Standard Lesson

Exploring Perspectives on Desegregation Using Brown Girl Dreaming

5 - 9
Lesson Plan Type
Standard Lesson
Estimated Time
Two 50-minute Sessions
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Designed to complement a fuller study of the Civil Rights Era and the process of desegregation in America, this lesson gives students an introduction to Jacqueline Woodson's verse memoir, Brown Girl Dreaming.  Using the jigsaw collaboration model, student groups first read and discuss a poem about segregation/desegregation from the point of view of one of Woodson's family or community members.  Then, they meet in a second group to learn about each of the other poems to explore the diverse ways people in Woodson's life experienced crucial events of the period.

From Theory to Practice

In their introduction to the March 2009 Voices from the Middle themed issue on poetry study, editors Roxanne Henkin, Janis Harmon, Elizabeth Pate, and Honor Moorman argue that “poetry provides an emotional journey not often experienced with other literature” but suggest that students and teachers alike lose the focus on emotion in pursuit of correct, single interpretations (p. 7).  This lesson introduces students to high quality poetry in the context of the study of a broader topic among many other text types, encouraging students to come to the poems as texts they will already know something about and have a way to interpret.

This lesson is also built on assumptions that student talk is valuable and that students need time and space to develop ideas that go beyond simple responses, important conditions for effective talk outlined by Zwiers, O’Hara, & Pritchard (2014).

Common Core Standards

This resource has been aligned to the Common Core State Standards for states in which they have been adopted. If a state does not appear in the drop-down, CCSS alignments are forthcoming.

State Standards

This lesson has been aligned to standards in the following states. If a state does not appear in the drop-down, standard alignments are not currently available for that state.

NCTE/IRA National Standards for the English Language Arts

  • 1. Students read a wide range of print and nonprint texts to build an understanding of texts, of themselves, and of the cultures of the United States and the world; to acquire new information; to respond to the needs and demands of society and the workplace; and for personal fulfillment. Among these texts are fiction and nonfiction, classic and contemporary works.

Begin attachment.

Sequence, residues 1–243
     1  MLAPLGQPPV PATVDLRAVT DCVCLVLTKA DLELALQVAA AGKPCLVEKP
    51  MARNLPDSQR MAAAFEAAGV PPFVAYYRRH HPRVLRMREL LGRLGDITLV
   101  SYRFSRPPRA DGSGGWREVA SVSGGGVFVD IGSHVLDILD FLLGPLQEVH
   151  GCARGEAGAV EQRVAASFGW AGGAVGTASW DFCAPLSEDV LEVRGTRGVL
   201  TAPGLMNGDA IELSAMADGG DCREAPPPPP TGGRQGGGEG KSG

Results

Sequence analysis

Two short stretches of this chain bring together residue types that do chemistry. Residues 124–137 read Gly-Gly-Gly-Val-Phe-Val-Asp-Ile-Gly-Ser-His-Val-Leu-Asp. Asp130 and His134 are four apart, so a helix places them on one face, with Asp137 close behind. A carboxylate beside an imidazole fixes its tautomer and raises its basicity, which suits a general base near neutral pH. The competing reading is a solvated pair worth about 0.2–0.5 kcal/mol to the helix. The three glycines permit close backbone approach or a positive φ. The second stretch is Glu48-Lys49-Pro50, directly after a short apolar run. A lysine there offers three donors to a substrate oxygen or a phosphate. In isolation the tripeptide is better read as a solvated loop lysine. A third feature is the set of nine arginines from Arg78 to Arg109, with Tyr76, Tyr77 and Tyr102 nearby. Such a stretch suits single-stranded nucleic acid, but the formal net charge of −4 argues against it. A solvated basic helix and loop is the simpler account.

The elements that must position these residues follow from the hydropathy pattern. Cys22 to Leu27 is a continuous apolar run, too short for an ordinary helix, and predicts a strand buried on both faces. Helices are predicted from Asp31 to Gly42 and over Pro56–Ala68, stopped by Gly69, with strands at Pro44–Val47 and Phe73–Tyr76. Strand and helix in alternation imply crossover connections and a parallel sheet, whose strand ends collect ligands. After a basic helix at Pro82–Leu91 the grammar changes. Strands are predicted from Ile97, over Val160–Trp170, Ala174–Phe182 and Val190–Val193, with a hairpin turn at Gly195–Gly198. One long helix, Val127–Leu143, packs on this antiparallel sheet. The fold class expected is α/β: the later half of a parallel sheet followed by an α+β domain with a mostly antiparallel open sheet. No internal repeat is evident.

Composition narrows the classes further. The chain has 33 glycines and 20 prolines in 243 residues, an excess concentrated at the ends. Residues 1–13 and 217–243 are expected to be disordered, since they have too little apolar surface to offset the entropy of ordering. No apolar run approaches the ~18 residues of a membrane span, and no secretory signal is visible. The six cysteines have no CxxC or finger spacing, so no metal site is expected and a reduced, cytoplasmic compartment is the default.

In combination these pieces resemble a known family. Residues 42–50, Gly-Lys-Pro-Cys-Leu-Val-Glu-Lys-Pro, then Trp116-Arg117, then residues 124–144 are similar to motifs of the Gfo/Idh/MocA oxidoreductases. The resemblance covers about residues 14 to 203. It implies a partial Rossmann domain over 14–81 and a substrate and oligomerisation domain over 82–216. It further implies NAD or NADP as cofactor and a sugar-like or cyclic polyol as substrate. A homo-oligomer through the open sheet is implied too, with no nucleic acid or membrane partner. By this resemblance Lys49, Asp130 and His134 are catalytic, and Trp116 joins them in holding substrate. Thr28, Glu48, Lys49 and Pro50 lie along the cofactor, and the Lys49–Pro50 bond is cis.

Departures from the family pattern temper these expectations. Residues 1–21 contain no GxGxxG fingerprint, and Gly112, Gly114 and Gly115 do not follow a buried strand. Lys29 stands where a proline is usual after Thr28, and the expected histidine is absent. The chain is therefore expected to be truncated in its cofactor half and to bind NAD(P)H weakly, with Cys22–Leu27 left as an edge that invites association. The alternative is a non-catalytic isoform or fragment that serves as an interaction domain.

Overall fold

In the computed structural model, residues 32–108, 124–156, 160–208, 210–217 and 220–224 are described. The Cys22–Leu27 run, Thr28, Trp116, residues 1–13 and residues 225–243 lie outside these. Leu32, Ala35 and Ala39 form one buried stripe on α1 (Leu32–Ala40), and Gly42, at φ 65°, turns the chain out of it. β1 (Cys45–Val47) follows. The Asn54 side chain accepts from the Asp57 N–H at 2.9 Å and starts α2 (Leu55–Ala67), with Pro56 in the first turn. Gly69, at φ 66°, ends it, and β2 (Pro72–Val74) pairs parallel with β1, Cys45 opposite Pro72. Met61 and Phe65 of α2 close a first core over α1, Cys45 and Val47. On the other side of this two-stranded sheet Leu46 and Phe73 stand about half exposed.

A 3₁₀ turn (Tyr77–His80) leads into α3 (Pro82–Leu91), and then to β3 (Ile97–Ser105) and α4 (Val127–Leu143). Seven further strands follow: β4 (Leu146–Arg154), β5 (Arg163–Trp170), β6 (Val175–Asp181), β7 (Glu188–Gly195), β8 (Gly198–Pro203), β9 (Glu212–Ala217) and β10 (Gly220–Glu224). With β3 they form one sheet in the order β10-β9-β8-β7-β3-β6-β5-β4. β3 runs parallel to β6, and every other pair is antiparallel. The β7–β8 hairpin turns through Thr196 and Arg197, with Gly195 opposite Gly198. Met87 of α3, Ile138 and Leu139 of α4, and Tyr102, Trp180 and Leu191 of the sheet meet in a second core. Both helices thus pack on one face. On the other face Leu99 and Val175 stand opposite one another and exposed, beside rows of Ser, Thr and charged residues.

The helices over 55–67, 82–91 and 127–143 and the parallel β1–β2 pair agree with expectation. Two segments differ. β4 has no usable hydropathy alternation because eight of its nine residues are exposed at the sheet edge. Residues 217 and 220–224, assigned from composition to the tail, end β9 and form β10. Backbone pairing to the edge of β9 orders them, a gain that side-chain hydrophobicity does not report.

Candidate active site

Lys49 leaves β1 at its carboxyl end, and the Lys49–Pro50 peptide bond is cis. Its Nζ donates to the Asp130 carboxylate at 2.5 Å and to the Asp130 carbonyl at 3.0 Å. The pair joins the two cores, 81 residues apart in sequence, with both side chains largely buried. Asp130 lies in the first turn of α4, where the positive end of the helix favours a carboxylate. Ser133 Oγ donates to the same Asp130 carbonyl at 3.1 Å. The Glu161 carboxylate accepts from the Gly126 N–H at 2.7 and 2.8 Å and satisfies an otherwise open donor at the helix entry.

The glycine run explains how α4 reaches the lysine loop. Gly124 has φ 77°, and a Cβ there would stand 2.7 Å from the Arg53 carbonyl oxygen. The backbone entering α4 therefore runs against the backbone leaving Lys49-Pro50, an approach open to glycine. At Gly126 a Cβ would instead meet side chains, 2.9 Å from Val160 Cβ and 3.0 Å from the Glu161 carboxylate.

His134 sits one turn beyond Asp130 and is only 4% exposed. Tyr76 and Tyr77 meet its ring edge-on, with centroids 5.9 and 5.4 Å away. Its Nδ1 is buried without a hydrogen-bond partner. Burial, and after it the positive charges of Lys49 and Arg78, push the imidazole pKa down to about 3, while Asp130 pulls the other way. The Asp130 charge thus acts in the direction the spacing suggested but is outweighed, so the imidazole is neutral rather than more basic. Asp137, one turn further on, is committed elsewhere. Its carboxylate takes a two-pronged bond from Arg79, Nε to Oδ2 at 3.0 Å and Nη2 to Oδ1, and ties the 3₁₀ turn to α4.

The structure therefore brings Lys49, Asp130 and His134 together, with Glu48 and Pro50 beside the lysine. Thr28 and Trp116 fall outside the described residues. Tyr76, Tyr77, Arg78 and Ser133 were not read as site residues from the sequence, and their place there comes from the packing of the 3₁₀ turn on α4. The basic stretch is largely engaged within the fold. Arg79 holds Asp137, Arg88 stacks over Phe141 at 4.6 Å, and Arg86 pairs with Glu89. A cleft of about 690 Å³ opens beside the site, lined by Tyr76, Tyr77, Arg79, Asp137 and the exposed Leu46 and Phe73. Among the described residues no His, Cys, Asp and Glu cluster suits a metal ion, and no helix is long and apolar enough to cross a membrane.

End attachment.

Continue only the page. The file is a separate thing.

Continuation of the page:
• 2. Students read a wide range of literature from many periods in many genres to build an understanding of the many dimensions (e.g., philosophical, ethical, aesthetic) of human experience.
  • 3. Students apply a wide range of strategies to comprehend, interpret, evaluate, and appreciate texts. They draw on their prior experience, their interactions with other readers and writers, their knowledge of word meaning and of other texts, their word identification strategies, and their understanding of textual features (e.g., sound-letter correspondence, sentence structure, context, graphics).
  • 4. Students adjust their use of spoken, written, and visual language (e.g., conventions, style, vocabulary) to communicate effectively with a variety of audiences and for different purposes.
  • 11. Students participate as knowledgeable, reflective, creative, and critical members of a variety of literacy communities.
  • 12. Students use spoken, written, and visual language to accomplish their own purposes (e.g., for learning, enjoyment, persuasion, and the exchange of information).



  1. This lesson is designed to complement a fuller study of the Civil Rights era, and the process of desegregation in particular.  Consider using ReadWriteThink resources such as the following to introduce and develop students’ understanding of key figures, events, and perspectives.

  2. Obtain copies of Jacqueline Woodson’s Brown Girl Dreaming.  The collection of autobiographical poems addresses Woodson’s family relationships, life in different regions of the US, and developing identity as a writer. For this lesson, become familiar with six poems that deal with life in the era of desegregation in America:

    • “Second Daughter’s Second Day on Earth” (pp. 3-5)
    • “Greenville, South Carolina” (pp. 30-31)
    • “South Carolina at War” (pp. 72-73)
    • “The Training” (pp. 75-77)
    • “Miss Bell and the Marchers” (pp. 80-81)
    • “What Everybody Knows Now” (pp. 237-238)
  3. Determine how best to group students for the poem focus groups and the sharing groups; this lesson uses as its basis the Jigsaw Cooperative Learning Technique.
  4. Make a sufficient number of copies of the Poem Discussion Facilitation Guide for groups to use in Session One.

Student Objectives

Students will

  • apply their knowledge of the Civil Rights era to new related texts.
  • determine the point of view a character in a poem takes on a topic.
  • participate in a variety of collaborative conversations.

Session One

  1. Explain to students that they will be continuing to study literary representations of experiences and perspectives on desegregation in the Civil Rights Era.